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World

UNICEF 2015 report: Millions of children caught in the middle of conflict

Killed, maimed, kidnapped, enslaved, forced to flee: violence against children has reached horrifying levels. The UN children's aid group Unicef calls for much more protection for children.

The right to education, care and protection - for children growing up in war zones these are little more than empty promises. Currently, in the world's five most conflicted countries - Syria, Iraq, South Sudan, the Central African Republic and Yemen - some 21 million children are directly affected by violence. Terror groups such as "Islamic State" (IS) and Boko Haram intentionally disregard the principles of international humanitarian law in order to generate a maximum of attention.

"Children are subjected to bomb attacks in their homes and in their schools; they are kidnapped, killed, sexually abused and recruited as child soldiers," says Ted Chaiban of UNICEF International. One in ten children worldwide lives in a country or region that is defined by armed conflict. That means that an unfathomable 230 million children grow up caught in the middle of conflicts.

"Children caught in the middle" is also the title of the 2015 UNICEF report, which was just presented in Berlin. With its 270 page report, the children's aid organization seeks to draw attention to the ways that uncertainty, hate and violence destroy the lives of millions of children.

Fewer contributions

It is said that there have not been this many child refugees since the end of the Second World War. And UNICEF has never had to ask for so much money for emergency aid in conflict regions.

UNICEF Jahresbericht zur Lage von Kindern in Konfliktgebieten

Millions of children suffer the consequences of armed conflict

This year that sum will be about $3 billion (2.7 billion euros). Two-thirds of that money comes from state funding, one-third from private donations - and it gets harder to raise every year.

"It is far easier to gather donations for victims of natural disasters than for Syrian war refugees," says Jürgen Heraeus, chairman of UNICEF Germany.

"People say, 'natural disasters could affect any of us,' so they have a certain empathy, whereas the other case is an armed conflict and they feel that it has nothing to do with them," he said.

"The UN's world food program and UNICEF have both had to cut back on food rations due to lack of funding. Therefore they cannot help all of the children, youths and other needy persons that are so dependent upon such aid," laments Germany's Development Minister Gerd Müller. In the past two years, says Müller, some 70,000 children have been born on the floors of tents in refugee camps. He has witnessed the suffering in such refugee camps firsthand and tells of recently meeting a mother holding her seventh child in her arms, as she sat next to her 16-year-old son who had lost both of his legs in a conflict.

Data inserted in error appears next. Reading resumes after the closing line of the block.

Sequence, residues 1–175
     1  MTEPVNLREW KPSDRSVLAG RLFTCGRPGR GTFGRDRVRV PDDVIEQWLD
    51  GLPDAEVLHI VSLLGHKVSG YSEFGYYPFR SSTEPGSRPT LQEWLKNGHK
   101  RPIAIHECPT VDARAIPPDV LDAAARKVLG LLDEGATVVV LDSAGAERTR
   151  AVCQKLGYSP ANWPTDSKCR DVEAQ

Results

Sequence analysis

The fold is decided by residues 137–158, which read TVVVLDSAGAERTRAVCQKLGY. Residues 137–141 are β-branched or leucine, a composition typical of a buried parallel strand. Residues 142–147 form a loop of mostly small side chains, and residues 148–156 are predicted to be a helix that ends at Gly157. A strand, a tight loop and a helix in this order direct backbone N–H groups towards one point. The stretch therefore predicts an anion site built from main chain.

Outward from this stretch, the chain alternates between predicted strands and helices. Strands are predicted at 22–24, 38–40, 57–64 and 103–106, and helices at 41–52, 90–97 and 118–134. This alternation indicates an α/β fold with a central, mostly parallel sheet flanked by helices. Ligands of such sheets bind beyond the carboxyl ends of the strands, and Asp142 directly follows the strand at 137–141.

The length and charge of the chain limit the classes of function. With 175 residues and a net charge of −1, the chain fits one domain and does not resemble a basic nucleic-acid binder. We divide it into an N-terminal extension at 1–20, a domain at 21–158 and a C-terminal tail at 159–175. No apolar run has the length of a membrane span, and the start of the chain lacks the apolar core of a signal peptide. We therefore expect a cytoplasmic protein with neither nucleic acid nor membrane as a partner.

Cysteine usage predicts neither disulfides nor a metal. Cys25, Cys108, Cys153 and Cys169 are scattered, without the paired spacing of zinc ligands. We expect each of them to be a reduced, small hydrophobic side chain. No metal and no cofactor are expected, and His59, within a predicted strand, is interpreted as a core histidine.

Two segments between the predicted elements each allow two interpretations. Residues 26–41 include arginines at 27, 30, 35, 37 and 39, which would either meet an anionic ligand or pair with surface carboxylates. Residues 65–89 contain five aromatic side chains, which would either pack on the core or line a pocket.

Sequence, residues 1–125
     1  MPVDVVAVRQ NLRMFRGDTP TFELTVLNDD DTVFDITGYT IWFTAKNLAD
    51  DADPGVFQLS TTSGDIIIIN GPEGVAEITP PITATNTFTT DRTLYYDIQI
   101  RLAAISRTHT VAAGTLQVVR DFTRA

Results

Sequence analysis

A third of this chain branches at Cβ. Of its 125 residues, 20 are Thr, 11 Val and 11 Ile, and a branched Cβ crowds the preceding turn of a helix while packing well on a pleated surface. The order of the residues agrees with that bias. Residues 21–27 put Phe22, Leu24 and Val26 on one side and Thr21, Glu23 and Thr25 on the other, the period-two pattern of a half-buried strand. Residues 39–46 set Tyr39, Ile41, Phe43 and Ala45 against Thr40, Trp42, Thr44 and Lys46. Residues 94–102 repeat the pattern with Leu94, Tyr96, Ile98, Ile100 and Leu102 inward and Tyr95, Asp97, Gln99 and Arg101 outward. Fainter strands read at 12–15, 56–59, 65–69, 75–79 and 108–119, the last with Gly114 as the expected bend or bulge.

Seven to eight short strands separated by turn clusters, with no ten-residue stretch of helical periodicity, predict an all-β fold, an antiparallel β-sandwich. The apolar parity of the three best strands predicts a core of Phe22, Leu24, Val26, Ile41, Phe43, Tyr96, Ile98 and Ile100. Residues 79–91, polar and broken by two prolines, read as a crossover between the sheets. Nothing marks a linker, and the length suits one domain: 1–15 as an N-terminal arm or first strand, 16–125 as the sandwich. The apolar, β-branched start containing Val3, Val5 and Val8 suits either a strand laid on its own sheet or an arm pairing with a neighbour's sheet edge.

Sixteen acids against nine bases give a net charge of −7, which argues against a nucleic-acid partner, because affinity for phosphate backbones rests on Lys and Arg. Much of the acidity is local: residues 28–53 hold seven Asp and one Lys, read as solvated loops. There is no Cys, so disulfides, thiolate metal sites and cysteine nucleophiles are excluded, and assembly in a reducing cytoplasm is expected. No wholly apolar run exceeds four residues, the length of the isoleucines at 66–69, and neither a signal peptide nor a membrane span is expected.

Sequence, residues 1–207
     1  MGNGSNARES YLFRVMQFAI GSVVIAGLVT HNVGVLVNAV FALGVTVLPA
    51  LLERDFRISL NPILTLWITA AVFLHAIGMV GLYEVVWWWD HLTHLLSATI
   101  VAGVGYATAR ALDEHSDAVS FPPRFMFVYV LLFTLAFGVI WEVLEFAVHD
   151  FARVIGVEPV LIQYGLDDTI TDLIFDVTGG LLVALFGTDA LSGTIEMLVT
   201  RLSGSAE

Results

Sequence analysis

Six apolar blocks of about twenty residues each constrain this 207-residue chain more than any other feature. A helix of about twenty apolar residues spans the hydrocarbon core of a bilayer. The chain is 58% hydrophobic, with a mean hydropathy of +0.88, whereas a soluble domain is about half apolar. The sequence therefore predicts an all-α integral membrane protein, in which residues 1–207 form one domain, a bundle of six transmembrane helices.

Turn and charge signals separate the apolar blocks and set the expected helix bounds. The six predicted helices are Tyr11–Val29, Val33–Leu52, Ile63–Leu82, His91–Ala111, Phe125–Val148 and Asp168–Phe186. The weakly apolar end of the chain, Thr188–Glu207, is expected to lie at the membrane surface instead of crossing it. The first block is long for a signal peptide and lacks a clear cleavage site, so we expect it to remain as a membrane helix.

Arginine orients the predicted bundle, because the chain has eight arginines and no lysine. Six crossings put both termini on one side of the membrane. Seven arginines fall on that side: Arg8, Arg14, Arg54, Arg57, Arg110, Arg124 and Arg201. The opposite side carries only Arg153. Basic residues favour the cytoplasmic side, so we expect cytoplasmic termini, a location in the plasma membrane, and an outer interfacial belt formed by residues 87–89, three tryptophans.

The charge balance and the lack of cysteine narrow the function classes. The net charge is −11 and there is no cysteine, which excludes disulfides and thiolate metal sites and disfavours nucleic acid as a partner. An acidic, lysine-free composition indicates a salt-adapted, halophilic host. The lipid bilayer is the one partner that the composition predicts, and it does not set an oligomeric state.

Müller goes on to criticize the fact that in Germany the willingness to donate money to help refugees and displaced persons is waning. "The images keep washing over us, and unfortunately we are becoming increasingly numb to them." But the global community must live up to its promises and do something.

School and psychotherapy

Gerd Müller

German Development Minister Gerd Müller is concerned that people are tiring of all the bad news

Last year, the development ministry gave UNICEF about 150 million euros ($167 million) to support projects in war and conflict zones. A large part of that money was used to aid refugees from Syria and Iraq.

"Because of such support 100,000 children can attend school in Lebanon alone," reports Müller. Financial aid is scheduled to be increased this year, although Müller declined to say exactly how much when asked. Germany is among the most important donors for school projects for Syrian refugees.

Ted Chaiban emphasizes that it is importent for children and youths to go to school and to get a glimpse of a world that is formed by hope, not hate. That is why the children's aid organization is active in making sure that children get psychological and social support as well. Simple children's centers are enough to start with and therapy can take place in tents. "Germany wants to focus on the program this year," says Gerd Müller, who also announced further financial aid for this kind of support.

Jürgen Heraeus stresses that the opportunity for a return to stability and peaceful development is dependent upon giving youths orientation and jobs. "If we are unable to catch this generation, to give them an education and hope for a better future, then they will simply drift away."

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